106 Things You Can Compost for a Rich, Fertile Compost Pile

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This is my first year making real compost. I’ve played around with it in the past, but didn’t get serious about starting a compost pile until a few weeks ago. Why the change? Well, this year I’m actually trying to grow most of the vegetables and some fruits we eat. My garden is bigger this year than in years past so learning how to start a compost pile was a must. When I was researching, I came across things I wasn’t aware could be composted. In fact, I was downright shocked at all the things you can compost that help to have a rich, fertile compost pile!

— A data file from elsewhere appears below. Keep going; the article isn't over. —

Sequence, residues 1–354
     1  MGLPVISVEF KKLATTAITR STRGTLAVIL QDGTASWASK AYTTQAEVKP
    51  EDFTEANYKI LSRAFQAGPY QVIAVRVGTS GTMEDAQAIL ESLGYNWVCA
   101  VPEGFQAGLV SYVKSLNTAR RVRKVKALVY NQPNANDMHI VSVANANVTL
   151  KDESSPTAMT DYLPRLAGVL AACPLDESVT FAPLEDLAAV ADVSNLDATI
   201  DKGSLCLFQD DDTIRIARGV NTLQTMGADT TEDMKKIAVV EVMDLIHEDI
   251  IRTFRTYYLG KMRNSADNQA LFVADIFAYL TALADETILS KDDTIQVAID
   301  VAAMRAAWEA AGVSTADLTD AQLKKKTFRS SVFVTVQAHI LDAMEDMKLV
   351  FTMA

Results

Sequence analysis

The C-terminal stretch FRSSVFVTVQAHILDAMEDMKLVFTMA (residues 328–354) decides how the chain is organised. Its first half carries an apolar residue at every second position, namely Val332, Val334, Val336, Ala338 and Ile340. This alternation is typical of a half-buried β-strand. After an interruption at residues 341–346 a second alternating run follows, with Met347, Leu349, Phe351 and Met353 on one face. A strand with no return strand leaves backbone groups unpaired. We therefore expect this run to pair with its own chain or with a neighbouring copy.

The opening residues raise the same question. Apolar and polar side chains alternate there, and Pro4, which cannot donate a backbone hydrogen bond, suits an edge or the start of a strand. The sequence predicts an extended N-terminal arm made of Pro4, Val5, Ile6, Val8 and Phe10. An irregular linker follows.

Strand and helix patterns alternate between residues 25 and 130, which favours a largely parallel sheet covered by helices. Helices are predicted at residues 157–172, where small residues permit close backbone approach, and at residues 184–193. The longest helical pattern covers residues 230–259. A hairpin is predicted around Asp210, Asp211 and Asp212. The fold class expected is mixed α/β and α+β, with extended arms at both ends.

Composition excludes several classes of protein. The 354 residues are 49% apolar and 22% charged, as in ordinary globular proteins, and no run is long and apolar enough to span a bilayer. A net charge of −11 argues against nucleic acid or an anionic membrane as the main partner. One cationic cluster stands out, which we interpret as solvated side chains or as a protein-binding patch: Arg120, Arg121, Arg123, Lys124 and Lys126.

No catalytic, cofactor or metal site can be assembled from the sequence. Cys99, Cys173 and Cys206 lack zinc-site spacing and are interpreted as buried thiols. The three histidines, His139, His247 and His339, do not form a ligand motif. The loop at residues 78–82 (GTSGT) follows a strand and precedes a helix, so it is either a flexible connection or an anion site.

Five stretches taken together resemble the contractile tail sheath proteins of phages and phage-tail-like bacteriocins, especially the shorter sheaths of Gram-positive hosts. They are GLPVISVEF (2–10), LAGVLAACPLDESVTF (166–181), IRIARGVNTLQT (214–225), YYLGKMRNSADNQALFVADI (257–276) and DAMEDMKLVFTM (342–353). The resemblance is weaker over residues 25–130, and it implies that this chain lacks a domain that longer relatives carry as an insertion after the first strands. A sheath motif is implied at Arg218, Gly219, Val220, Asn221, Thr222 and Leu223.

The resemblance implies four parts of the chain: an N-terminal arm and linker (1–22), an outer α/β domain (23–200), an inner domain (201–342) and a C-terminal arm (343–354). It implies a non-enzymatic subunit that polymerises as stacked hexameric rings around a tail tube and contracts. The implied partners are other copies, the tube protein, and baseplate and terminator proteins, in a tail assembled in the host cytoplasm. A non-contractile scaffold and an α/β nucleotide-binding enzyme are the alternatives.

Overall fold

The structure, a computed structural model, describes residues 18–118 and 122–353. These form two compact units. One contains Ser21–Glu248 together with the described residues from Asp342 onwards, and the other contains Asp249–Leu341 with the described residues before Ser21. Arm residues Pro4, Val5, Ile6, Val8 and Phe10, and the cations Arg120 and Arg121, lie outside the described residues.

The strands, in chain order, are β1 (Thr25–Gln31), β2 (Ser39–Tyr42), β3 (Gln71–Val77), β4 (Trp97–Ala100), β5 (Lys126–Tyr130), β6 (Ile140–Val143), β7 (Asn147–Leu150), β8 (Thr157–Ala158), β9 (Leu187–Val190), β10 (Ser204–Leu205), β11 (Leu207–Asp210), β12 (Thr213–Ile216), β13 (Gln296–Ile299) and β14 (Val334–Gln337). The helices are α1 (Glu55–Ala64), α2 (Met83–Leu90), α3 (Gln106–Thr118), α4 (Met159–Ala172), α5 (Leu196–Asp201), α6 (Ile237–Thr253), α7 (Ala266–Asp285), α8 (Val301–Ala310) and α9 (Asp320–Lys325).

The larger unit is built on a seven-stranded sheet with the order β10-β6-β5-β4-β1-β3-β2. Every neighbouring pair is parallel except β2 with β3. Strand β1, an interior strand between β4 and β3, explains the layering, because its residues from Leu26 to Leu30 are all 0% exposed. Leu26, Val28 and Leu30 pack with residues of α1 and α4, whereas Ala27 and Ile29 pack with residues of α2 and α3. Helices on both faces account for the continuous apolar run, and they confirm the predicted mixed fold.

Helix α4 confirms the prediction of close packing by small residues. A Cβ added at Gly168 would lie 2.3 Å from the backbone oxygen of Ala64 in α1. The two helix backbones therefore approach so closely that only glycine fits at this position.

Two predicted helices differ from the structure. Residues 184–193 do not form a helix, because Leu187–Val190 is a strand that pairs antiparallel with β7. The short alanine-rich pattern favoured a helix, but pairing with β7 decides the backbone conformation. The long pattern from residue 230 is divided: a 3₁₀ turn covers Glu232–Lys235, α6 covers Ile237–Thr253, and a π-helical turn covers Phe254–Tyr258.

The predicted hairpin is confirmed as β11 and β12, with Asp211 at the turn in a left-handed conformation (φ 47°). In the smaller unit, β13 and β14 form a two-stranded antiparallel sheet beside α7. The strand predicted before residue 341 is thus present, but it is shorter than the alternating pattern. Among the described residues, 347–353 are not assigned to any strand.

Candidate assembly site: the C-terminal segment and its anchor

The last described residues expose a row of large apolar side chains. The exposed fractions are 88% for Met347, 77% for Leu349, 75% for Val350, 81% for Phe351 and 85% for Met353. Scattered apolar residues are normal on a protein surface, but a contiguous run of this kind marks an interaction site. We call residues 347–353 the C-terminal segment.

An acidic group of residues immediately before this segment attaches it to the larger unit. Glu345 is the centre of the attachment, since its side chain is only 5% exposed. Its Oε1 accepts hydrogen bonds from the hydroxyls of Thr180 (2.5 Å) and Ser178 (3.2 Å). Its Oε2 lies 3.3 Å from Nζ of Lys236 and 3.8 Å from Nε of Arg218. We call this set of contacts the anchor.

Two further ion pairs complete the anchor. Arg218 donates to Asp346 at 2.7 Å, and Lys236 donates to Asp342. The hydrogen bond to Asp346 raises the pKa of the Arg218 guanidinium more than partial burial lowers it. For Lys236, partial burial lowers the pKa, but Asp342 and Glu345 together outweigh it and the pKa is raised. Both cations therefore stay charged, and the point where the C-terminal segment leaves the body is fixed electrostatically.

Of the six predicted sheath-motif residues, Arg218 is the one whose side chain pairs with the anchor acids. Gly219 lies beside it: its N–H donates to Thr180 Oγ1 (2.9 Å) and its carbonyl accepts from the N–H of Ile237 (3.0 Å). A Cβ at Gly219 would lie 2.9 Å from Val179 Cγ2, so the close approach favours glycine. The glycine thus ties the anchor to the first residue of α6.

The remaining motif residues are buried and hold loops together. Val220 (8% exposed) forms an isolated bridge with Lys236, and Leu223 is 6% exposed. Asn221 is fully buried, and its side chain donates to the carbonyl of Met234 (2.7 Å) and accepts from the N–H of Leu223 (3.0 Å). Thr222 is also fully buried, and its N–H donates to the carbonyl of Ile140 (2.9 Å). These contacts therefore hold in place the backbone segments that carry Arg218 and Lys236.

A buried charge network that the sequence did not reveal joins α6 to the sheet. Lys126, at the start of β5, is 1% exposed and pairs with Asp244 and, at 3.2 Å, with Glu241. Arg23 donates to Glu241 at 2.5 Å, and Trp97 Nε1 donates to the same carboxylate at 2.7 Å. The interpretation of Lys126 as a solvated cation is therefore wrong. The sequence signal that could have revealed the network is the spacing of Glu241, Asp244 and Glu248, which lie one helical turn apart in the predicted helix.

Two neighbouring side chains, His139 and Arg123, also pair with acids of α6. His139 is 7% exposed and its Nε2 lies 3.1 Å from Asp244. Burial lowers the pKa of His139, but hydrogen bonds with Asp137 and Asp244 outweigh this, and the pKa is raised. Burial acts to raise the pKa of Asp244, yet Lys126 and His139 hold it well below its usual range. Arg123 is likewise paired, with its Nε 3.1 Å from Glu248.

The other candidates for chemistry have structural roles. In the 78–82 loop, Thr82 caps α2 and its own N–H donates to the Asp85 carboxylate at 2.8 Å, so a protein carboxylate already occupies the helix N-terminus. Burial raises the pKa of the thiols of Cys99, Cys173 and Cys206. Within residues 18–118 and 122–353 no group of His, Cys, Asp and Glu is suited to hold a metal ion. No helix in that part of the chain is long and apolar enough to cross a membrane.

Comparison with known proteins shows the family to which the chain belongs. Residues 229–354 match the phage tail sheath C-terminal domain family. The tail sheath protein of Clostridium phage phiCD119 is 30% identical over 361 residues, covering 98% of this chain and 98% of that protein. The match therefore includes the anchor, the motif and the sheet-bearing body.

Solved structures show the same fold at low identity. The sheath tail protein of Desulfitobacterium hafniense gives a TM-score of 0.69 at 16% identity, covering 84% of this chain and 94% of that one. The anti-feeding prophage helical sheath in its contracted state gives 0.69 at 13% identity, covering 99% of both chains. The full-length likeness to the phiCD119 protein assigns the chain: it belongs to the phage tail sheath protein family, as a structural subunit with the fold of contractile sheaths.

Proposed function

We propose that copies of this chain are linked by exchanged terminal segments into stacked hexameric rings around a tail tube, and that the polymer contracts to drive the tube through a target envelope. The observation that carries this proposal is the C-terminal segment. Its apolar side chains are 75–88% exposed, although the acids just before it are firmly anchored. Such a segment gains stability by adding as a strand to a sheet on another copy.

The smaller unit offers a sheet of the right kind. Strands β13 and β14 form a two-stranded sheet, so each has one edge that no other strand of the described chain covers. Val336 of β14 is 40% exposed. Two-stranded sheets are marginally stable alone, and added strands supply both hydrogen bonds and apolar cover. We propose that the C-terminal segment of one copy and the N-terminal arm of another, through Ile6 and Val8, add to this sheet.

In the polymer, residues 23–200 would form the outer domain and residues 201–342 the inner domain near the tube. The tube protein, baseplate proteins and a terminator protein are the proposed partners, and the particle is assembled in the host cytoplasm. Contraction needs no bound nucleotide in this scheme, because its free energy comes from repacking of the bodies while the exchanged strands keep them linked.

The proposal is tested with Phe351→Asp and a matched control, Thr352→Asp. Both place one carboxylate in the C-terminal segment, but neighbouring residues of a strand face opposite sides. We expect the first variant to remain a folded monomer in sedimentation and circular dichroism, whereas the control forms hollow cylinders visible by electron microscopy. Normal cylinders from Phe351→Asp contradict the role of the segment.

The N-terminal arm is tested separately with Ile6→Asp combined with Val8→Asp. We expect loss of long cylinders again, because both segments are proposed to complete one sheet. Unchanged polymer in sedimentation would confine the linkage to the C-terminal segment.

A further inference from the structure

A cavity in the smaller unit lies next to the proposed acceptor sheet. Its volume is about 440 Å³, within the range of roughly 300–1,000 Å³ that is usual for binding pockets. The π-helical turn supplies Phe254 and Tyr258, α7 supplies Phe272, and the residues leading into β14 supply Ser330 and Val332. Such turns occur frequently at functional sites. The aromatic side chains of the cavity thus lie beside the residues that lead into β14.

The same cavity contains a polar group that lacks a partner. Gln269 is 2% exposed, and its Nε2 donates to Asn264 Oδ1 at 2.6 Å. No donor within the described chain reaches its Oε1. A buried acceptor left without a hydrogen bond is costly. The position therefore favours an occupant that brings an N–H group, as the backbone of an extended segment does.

106 Things to Compost - Learning how to start a compost pile? These 106 things you can compost are more than enough to get you started! You'll have a rich, fertile compost pile before you know it!

 

Having a rich compost pile allows you to feed the soil you are planting your garden in. It’s also a great way to have a garden on a budget no matter which type of garden you plant. Using compost is as simple as mixing finished soil into regular soil and planting. If you don’t continue to compost the things you can compost though; you will quickly find that you have run out of soil before you were ready to do so. Not only can composting help you have a great garden, but it is also a fantastic way to reduce food waste if you’re trying to have a zero waste home.

 

106 Things You Can Compost for a Rich, Fertile Compost Pile